Town drops effort to share services
RHINEBECK, N.Y. >> Recent arguments over joint agreements has convinced the Town Board not to pursue a $45,000 grant to study the potential for sharing highway services with the village.
Efforts to develop a plan were discussed during a Town Board meeting last week. Supervisor Elizabeth Spinzia said Dutchess County officials want to know if there would be action on a 2015 grant application.
“It’s hard for us to get it together with the village,” she said.
Spinzia said the town attorney cautioned that careful consideration is needed in light of disputes over previous shared service grants.
“Warren (Replansky) thinks that we need to seriously think about the dynamic between the town and village and how difficult the tech grant was,” she said. “Going forward, the county has decided that, too. If we backed out of the grant, it won’t affect us getting future grants.”
Spinzia said the move to discontinue the grant effort was disappointing, because there are budget savings to be had if the town and village effectively share services.
“I honestly think that consolidation is the only way we’re going to be able to make our tax dollars work,” she said.
The technology grant amounted to $71,756 under a 2013 Dutchess County consolidation and shared services grant that required an $11,000 matching contribution that was paid by the town. Services that included a computer server and Internet connections were installed in September, with a $150-per-month Internet charge expected to be split by the municipalities.
However, the town paid an additional $2,000 after village officials complained that they only received two of seven computer work stations that were proposed in the grant application.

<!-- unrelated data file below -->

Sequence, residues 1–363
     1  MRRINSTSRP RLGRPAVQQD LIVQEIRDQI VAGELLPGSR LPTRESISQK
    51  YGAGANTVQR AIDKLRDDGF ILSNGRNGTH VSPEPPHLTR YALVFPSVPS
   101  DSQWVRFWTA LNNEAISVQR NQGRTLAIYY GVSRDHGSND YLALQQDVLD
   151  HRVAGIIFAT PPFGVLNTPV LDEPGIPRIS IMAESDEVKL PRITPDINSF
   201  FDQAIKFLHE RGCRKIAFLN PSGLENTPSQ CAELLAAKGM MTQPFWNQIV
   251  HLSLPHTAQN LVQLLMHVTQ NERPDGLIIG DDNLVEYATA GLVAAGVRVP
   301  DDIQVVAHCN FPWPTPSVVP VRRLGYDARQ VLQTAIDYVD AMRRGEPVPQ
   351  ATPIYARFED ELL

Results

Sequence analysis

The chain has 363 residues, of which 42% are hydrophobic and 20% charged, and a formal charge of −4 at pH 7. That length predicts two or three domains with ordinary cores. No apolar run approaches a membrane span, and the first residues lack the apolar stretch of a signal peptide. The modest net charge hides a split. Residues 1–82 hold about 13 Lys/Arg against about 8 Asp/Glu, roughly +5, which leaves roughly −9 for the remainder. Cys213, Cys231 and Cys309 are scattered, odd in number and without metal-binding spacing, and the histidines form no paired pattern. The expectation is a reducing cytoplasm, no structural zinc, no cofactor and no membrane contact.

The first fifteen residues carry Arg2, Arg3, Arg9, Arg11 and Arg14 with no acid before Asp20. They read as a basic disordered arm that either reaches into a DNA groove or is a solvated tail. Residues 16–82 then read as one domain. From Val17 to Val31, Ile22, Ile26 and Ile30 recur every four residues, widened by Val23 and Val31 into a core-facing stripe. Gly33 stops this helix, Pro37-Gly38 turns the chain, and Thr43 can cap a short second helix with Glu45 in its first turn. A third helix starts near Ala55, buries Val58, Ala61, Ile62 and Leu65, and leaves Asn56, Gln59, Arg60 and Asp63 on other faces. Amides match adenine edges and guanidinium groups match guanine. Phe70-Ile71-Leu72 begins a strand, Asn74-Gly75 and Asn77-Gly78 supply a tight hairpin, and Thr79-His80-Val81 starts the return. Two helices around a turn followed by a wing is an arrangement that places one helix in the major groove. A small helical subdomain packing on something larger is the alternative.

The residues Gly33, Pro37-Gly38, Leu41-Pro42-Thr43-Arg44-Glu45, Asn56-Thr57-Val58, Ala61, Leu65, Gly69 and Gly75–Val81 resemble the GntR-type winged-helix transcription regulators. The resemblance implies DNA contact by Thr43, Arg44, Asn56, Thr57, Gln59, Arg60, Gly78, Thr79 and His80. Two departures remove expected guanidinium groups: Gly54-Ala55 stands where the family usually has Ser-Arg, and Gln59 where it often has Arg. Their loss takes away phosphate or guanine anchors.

Current disputes between the town and village include the intermunicipal agreement for Thomas Thompson-Sally Mazzarella Park, with the village planning to install a water meter and to bill the town for that equipment. Town officials contend that discussion of a meter should have been covered in the agreement and they expect to be given an $8,000-per-year bill in an effort to collect up to $60,000 in costs.
Disputes that have simmered, but are still unsettled, include how to change fire protection coverage by the village Fire Department in some sections of the town. Town and village officials in 2014 ended a year-long dispute over costs for village coverage of 1,276 town parcels by signing a five-year contract that started at $160,000 and increases by $10,000 annually through 2018. During efforts to reach an agreement, officials could not agree on what constituted calls to the town and the portion of expenses that the protection district should contribute toward village equipment.